Expanding coherence with 2D materials
A new kind of graphene-based qubit may advance practical quantum computing say researchers from MIT, USA. Katherine Williams found out more.
Mixing up material combinations has allowed researchers at MIT to develop a supercomputing quantum bit (qubit) with unique properties that may enable faster, more efficient computation.
Superconducting qubits rely on a structure known as a Josephson junction, where an insulator is sandwiched between two superconducting materials.
Professor William Oliver, MIT Physics Professor and Lincoln Laboratory Fellow says, ‘We constructed a superconducting transmon qubit in the usual manner using aluminium on silicon, but we replaced the usual Al/AlOx/Al Josephson junction with an Al/graphene/Al Josephson weak link. The graphene was encapsulated in hexagonal boron nitride (hBN).
‘Superconducting qubits are solid-state artificial atoms comprising capacitors, inductors, and interconnects. The inductor is usually realised using a Josephson tunneling junction. When cooled to low temperatures, this circuit features quantized states of electric charge or magnetic flux, depending on the choice of parameter values. We studied the lowest-two energy levels of this artificial atom – a qubit – corresponding to quantum states |0> and |1>. We designed these qubit levels to be separated by an energy of approximately h x 5GHz, in the microwave regime, where h is Planck’s constant.
‘The qubit is then a two-level system, represented as a point on a Bloch sphere. If we think of the Bloch sphere as the planet Earth, then the north pole is state |0>, the south pole is state |1>, and everywhere else on the surface of the Earth is a superposition of states |0> and |1>.’
Despite their near-flawless surface quality, only a few research groups have ever applied van der Waals materials to quantum circuits, and none have previously been shown to exhibit temporal coherence.
Time and space
The MIT team recorded the ‘temporal coherence’ of their graphene qubit for the first time. This involved using a pi-pulse to put the qubit into its excited state of |1> and measuring, on average, how long it takes to relax back to the ground state. A Ramsey interferometry experiment was then used to measure the lifetime of a superposition state.
The amount of time these qubits stay in this superposition state is referred to as their coherence time. The longer the coherence time the more chance of computing complex problems – in this case the coherence was timed at 55 nanoseconds before a return to ground state.
‘Our motivation is to use the unique properties of graphene to improve the performance of superconducting qubits,’ says paper first author Joel I-Jan Wang, a postdoc in the Research Laboratory of Electronics (RLE) at MIT. ‘Ours is the first device to show a measurable coherence time — a primary metric of a qubit — that’s long enough for humans to control.’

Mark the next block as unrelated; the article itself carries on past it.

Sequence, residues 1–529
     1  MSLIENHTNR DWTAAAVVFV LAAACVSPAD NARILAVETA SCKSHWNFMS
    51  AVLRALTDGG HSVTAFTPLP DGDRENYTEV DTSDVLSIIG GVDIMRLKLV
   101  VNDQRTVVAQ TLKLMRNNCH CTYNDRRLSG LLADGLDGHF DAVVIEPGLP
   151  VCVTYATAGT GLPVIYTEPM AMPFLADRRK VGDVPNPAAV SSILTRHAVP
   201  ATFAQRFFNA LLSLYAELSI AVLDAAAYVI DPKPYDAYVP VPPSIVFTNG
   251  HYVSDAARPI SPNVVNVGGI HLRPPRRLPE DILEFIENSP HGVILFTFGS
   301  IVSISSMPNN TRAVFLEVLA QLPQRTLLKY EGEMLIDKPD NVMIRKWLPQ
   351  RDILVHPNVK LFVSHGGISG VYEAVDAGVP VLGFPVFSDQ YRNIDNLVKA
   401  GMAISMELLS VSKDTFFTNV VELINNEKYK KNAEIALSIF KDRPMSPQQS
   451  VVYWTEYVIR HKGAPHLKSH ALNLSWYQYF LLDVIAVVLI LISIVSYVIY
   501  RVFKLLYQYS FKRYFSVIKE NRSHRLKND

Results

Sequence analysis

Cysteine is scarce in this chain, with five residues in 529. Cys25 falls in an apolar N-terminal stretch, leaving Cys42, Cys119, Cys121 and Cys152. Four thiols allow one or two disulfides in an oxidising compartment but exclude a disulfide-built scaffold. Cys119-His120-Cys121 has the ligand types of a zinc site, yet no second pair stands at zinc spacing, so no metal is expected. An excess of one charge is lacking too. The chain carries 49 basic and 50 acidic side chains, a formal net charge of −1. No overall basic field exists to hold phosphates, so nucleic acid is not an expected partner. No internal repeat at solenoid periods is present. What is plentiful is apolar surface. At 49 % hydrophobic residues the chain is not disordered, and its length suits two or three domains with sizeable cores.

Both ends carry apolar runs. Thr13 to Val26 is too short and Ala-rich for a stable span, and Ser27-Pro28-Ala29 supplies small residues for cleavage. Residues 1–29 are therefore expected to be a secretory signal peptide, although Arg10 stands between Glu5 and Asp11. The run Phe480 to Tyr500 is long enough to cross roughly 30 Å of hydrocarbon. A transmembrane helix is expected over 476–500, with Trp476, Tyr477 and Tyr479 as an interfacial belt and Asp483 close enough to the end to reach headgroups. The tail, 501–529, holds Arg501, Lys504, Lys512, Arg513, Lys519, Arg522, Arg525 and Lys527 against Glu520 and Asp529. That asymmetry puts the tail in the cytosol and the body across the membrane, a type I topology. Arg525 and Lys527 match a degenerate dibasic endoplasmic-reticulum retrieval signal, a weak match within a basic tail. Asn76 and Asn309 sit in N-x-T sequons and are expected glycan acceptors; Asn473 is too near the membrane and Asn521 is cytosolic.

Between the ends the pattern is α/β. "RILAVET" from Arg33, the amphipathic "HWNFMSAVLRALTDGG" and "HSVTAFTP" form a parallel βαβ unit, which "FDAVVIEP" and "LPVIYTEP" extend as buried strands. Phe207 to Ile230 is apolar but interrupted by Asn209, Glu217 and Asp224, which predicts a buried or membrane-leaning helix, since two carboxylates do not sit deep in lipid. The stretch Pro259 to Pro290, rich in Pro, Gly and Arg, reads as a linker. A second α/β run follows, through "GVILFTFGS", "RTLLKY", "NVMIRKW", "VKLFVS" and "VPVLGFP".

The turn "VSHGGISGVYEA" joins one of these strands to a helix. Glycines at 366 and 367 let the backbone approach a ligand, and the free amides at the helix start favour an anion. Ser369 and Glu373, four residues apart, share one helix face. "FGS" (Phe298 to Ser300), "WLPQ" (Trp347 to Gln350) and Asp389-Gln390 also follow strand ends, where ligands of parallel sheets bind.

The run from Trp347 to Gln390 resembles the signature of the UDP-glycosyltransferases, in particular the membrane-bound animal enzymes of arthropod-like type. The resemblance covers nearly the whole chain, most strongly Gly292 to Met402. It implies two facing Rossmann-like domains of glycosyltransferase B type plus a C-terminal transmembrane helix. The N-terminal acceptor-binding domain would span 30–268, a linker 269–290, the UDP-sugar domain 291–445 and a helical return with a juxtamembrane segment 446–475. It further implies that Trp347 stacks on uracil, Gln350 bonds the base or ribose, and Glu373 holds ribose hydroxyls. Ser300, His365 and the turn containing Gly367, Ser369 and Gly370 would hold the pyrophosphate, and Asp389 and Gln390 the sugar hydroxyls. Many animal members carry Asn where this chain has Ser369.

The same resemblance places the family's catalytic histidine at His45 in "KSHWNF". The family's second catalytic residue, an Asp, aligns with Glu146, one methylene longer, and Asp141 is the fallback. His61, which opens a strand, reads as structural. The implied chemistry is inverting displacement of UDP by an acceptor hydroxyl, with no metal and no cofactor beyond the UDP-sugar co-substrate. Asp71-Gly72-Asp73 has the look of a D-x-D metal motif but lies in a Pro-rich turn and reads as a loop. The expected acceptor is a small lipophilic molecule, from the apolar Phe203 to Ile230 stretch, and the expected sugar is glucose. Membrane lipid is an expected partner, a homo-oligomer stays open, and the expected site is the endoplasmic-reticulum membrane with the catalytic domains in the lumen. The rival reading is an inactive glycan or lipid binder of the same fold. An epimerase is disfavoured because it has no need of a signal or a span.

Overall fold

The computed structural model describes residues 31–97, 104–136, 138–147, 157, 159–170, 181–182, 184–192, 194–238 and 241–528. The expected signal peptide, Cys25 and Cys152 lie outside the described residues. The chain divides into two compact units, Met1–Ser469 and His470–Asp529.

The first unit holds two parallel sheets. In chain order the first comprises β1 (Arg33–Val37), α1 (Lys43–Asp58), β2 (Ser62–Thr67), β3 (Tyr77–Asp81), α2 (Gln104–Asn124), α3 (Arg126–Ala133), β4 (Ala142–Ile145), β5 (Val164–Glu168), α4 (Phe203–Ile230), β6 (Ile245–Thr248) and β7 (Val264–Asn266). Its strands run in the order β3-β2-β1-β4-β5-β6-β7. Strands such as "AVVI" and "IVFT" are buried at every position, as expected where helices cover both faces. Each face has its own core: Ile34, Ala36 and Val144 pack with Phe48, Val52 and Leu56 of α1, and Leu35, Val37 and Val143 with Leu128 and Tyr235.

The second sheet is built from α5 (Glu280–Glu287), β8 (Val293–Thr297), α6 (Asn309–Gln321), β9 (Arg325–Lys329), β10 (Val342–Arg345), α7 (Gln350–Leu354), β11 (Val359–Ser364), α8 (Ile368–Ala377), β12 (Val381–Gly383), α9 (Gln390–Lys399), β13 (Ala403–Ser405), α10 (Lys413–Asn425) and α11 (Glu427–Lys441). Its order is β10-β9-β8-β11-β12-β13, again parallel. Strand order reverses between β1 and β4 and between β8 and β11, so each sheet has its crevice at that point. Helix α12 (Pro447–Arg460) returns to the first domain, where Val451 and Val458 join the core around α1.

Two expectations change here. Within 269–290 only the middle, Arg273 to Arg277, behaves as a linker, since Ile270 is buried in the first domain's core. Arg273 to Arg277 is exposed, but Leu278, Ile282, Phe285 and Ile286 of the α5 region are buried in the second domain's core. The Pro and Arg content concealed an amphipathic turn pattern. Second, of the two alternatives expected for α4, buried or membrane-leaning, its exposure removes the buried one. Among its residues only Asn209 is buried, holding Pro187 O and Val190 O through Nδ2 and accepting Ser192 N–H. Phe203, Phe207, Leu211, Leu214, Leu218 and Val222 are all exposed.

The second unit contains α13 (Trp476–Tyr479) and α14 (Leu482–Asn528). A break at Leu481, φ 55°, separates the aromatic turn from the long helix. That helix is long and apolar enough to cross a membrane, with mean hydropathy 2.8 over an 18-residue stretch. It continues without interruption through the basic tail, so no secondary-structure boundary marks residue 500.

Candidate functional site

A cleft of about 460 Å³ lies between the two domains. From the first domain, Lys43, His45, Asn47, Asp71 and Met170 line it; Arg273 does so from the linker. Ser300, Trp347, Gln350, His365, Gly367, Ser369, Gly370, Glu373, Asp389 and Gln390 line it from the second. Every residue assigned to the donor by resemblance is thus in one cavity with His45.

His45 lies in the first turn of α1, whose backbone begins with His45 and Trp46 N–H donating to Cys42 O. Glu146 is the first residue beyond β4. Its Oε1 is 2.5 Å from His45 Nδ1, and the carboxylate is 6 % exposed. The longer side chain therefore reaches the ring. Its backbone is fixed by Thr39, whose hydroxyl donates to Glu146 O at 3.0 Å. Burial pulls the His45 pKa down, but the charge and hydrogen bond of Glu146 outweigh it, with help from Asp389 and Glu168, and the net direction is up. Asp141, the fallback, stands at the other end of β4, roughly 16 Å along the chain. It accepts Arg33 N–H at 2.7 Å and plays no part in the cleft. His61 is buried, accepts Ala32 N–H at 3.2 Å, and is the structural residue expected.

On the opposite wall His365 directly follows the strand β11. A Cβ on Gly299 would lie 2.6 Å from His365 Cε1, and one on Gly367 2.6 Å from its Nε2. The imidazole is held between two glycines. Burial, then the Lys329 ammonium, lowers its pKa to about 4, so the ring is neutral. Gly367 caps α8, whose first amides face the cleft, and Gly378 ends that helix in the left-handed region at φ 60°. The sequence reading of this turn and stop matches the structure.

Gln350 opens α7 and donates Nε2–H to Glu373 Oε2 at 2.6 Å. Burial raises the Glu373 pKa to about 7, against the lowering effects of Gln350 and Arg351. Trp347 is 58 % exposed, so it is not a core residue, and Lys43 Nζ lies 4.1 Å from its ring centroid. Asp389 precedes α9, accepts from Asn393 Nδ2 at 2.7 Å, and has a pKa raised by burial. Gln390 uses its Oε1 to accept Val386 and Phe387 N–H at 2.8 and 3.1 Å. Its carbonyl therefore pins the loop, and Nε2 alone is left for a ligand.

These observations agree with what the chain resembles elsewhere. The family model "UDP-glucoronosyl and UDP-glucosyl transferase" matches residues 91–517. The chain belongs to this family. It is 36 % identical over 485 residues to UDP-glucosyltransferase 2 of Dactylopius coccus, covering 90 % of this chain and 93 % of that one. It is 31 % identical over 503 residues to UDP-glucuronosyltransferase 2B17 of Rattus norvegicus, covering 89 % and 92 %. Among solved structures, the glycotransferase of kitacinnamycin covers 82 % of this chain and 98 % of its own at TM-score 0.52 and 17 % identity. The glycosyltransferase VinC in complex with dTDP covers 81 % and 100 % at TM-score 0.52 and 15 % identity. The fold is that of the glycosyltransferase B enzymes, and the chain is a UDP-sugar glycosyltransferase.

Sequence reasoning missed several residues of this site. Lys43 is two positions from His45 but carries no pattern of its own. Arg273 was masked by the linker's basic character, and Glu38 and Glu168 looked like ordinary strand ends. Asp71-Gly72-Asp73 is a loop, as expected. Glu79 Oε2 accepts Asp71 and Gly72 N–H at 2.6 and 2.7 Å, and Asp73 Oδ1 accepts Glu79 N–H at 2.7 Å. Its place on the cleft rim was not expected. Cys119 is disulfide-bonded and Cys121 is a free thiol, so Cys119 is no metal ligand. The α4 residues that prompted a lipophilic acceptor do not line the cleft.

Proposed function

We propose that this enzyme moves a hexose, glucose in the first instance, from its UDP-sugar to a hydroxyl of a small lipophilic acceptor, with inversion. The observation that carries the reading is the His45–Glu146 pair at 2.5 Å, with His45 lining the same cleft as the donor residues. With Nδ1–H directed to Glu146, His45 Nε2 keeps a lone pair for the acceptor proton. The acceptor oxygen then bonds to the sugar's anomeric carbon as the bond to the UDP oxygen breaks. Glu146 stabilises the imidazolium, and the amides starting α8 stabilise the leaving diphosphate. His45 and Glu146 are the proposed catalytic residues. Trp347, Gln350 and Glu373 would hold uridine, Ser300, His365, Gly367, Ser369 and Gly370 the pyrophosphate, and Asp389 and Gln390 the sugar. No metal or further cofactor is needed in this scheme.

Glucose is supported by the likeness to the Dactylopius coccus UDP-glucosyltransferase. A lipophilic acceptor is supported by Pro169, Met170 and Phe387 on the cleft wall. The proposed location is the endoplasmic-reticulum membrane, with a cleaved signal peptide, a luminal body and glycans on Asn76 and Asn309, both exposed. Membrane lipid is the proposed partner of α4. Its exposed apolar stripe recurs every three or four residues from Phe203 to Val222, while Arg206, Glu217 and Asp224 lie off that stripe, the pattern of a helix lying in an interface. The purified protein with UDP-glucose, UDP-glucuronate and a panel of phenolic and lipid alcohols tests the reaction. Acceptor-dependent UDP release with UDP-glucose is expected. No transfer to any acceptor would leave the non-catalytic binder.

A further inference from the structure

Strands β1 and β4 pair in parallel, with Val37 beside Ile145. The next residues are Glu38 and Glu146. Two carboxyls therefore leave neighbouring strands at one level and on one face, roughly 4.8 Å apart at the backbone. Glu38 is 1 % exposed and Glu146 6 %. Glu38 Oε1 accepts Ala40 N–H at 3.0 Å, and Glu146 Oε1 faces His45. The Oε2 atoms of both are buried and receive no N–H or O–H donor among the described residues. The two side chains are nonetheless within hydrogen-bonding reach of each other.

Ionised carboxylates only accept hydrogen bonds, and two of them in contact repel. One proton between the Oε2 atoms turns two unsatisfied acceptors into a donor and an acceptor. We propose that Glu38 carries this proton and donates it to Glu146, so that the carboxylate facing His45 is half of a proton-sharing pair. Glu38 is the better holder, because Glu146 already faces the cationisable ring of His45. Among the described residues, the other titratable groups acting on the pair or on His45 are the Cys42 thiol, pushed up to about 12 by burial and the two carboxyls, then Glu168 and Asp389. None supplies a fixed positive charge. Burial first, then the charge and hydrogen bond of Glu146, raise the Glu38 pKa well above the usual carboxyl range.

Changing the voltage
Currently, only about 1,000 qubits can fit on a single chip. Having qubits controlled by voltage will be especially important as millions of qubits start being crammed on a single chip.
The MIT team can tune the frequency of the qubit after it has been fabricated. Oliver says, ‘With conventional superconducting qubits with Al/AlOx/Al junctions, we can form superconducting loops called SQUIDs, and use a magnetic flux threading the loop to tune the qubit frequency. The magnetic field is realised by flowing a current through a nearby antenna. However, current always is flowing and can dissipate energy continually.
‘Qubits with graphene junctions, however, can be tuned using a voltage applied to a backgate near the graphene junction. This has the advantage that it does not continually dissipate energy, and it should have lower levels of crosstalk. ‘
The MIT graphene qubit has a brief lifetime, conventional superconducting qubits that hold promise for practical application have documented coherence times of a few tens of microseconds, a few hundred times greater than the researchers’ qubit.
The next step is to improve the coherence time of the graphene-based transmon, says Oliver. ‘The coherence times were limited by energy relaxation time through the back gate. We can vastly improve this by designing the impedance seen by the qubit through this back gate. We have done this and are now fabricating new devices that should exhibit longer lifetimes.’
He continued, ‘In the future, we want to explore the limits of coherence when using hybrid superconducting qubits built from 2D materials.’
The researchers are keen not to add to the over-hype of quantum computing devices. However, they see potential roles in the simulation and development of new quantum materials and quantum chemistry. Another possible area is optimisation, where quantum computers may lead to a faster time to solution and/or higher quality solutions to optimisation problems.
The paper Coherent control of a hybrid superconducting circuit made with graphene-based van der Waals heterostructures is published in Nature Nanotechnology: https://go.nature.com/2CZ8Okx